ISLAMABAD - Pakistan and Afghanistan had agreed to hold a conference of the religious scholars in Kabul in March to forge a united front in the fight against attacks on civilians but a controversy on whether to invite or not the Taliban has now cast doubts over its fate.
Pakistani clerics said that a joint organizing committee had agreed in its meeting in Islamabad on Feb. 12 to extend invitation to the Afghan Taliban but a member of the Afghan delegation rejected the idea in remarks he made in his return to Kabul.
Chairman of the Pakistani Scholars Council, Allama Tahir Ashrafi,said that anti-Taliban statement by member of the Afghan clerics council, Aminullah Muzaffary, and his claim that Taliban will not be invited, is violation of the understanding reached in the Islamabad's meeting.
Ashrafi said in Islamabad on Saturday that Pakistani clerics have now decided not to attend the joint conference in Kabul next month as they have strong apprehensions that the forum could be used against the Taliban.
"The anti-Taliban statement by the Afghan member has forced us to boycott the Kabul conference," Ashrafi said. He asked the Afghan scholars to come up with a new agenda that should also focus on the elusive peace process in the war-torn Afghanistan.
Another Pakistani religious scholar and member of the organizing committee, Mufti Abu Hurraira Mohiuddin, said that another group of Pakistani scholars has also sought clarification from the Afghan side about the reported anti-Taliban remarks by an Afghan member.
Mufti Mohiuddin, head of the "Saut-ul-Islam" or Voice of Islam group, said in Karachi that the organizing committee had decided that the Kabul conference will neither be used against nor in favor of any group or individual.
Maulvi Shehzada Shehzad, the spokesman for the Afghan clerics' council, however disputed claims by Pakistani religious leaders and said that Afghan council has formally invited the Taliban, asking the Pakistani scholars to withdraw their boycott decision.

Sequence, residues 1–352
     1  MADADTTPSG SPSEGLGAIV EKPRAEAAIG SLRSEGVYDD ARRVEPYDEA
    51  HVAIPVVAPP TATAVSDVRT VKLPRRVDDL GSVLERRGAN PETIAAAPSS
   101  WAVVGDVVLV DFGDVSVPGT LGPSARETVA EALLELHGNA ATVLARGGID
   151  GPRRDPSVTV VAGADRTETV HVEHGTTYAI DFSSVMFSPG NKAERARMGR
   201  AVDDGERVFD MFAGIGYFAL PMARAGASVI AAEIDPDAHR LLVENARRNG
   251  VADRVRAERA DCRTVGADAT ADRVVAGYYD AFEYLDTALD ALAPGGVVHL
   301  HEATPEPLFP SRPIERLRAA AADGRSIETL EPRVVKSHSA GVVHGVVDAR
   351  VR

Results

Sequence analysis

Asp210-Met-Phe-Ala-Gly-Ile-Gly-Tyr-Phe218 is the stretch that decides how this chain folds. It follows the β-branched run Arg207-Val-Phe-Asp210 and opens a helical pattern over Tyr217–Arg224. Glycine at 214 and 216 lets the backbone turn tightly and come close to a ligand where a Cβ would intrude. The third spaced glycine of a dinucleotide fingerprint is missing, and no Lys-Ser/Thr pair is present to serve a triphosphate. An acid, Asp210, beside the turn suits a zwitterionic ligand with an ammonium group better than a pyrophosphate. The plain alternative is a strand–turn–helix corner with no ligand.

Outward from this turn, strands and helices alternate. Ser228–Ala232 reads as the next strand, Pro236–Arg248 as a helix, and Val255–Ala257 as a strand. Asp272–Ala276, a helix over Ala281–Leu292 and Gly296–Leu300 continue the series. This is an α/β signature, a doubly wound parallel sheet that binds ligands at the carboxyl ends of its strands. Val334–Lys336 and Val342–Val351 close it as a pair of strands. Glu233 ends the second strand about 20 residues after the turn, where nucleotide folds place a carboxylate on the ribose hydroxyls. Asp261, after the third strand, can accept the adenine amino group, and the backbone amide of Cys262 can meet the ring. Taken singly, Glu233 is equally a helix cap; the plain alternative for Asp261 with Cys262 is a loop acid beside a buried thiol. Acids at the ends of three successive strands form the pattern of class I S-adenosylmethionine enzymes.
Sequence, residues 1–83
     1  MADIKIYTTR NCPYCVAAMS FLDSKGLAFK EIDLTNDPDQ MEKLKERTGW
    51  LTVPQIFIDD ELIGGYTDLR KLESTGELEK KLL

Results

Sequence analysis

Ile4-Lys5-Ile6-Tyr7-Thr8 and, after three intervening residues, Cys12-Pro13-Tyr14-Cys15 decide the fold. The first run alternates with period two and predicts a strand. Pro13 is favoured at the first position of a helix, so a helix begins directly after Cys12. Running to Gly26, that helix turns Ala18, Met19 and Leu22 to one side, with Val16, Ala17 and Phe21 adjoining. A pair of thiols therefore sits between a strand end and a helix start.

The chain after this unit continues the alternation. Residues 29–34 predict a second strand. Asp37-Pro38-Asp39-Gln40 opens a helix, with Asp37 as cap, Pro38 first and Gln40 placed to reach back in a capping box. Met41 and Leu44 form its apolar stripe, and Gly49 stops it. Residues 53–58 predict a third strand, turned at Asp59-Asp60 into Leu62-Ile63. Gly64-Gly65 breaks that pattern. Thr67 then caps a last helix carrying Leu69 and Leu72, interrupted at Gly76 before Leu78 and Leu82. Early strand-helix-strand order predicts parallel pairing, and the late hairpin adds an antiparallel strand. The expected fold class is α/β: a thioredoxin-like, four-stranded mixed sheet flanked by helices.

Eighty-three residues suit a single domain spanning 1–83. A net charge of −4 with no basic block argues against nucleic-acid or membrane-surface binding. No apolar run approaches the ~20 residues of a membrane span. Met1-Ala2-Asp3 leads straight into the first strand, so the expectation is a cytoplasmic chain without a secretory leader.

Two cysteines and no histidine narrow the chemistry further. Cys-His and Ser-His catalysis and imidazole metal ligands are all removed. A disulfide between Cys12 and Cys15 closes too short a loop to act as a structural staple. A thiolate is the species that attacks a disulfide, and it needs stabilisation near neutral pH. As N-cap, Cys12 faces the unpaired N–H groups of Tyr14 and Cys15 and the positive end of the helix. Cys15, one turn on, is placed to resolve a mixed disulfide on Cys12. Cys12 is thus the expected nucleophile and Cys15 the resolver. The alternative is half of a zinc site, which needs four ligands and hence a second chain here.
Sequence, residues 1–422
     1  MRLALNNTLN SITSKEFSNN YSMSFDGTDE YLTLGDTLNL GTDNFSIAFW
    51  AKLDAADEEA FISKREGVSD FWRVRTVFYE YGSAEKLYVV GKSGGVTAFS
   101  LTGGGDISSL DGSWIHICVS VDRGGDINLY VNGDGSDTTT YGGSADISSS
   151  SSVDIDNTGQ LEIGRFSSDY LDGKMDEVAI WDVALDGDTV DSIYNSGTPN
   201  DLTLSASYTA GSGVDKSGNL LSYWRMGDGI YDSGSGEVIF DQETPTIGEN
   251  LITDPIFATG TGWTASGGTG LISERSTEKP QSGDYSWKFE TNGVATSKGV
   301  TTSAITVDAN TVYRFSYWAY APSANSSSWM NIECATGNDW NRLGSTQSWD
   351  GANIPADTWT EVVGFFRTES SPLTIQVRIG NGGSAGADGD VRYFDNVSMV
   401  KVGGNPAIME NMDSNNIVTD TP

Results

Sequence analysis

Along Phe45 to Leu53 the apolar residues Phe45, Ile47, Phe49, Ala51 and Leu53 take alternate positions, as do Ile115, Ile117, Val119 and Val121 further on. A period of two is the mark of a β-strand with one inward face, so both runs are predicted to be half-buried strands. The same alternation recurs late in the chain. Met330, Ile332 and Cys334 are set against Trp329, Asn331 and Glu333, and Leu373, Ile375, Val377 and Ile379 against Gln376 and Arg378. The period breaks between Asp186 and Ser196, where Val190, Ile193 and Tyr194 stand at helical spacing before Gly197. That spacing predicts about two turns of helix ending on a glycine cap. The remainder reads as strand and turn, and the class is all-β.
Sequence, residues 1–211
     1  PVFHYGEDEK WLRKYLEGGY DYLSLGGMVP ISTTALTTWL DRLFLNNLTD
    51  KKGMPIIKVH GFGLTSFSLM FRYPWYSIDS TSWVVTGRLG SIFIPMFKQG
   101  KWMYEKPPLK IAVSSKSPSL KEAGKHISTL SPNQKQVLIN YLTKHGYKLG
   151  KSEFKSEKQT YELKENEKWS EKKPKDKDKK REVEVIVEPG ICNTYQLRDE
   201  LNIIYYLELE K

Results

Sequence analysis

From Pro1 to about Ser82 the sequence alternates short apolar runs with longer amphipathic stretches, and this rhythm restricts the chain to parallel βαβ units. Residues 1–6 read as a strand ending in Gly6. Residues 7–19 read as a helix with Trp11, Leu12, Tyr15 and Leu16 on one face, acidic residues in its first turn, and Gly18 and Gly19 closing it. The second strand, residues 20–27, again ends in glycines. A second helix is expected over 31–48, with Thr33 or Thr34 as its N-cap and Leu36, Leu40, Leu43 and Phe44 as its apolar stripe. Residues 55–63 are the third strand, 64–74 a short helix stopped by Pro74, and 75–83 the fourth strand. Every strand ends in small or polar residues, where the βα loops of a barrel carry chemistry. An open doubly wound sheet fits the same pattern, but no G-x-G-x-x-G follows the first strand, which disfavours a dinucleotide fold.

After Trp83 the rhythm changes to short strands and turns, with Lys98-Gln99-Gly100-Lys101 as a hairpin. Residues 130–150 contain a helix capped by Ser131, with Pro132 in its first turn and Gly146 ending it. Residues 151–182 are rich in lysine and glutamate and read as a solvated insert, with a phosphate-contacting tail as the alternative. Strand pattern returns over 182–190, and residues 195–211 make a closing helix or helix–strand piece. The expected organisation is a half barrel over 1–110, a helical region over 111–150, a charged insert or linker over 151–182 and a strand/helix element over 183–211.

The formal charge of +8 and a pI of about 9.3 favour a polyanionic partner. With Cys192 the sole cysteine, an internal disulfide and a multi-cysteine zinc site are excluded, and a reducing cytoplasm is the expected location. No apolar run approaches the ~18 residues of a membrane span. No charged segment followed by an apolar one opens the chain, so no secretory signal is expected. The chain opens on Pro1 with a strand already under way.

Maulvi Shehzad said in Kabul that Afghan side is committed to respect the decisions taken in the joint organizing committee's meeting in Islamabad on Feb. 12.
Organizing committees of the two countries had previously agreed in their talks in Islamabad that 500 scholars, 250 from each country,will attend the March meeting and that the conference will not be used to support or attack any group.
The Afghan government, which had first proposed the Pak-Afghan religious scholars conference in November, is now struggling to persuade the Pakistani clerics to attend the meeting in Kabul to discuss a joint stand against the attacks on civilians and come up with a united approach against suicide bombings.
The Karzai government has pinned high hopes on the proposed conference as it wants religious backing for a nascent peace process in the war-torn country.
The Afghan government has also planned to hold an international conference of religious scholars after the Pak-Afghan meet, however,it seems that serious differences over the Taliban invitation and the apprehensions by Pakistani scholars that the forum could be used against the Taliban, have now cast doubts over the holding of the Kabul conference.
Despite demands by Pakistani religious leaders to invite the Taliban to the conference, a spokesman of the Afghan Taliban has already rejected the conference branding it as a "conspiracy" by the United States and Western nations against them. The Taliban has urged the Pakistani scholars to boycott the Kabul conference.
Some analysts are of the view that the Taliban appeal has convinced the Pakistani scholars to stay away from the conference.
The Pakistani government had, on three occasions, officially promised to help in organizing the conference as it is also facing the challenge of violent extremism and the most serious suicide attacks that have already killed innocent people.
The Afghan government is likely to ask Pakistan to convince its religious scholars to review their decision to boycott the conference.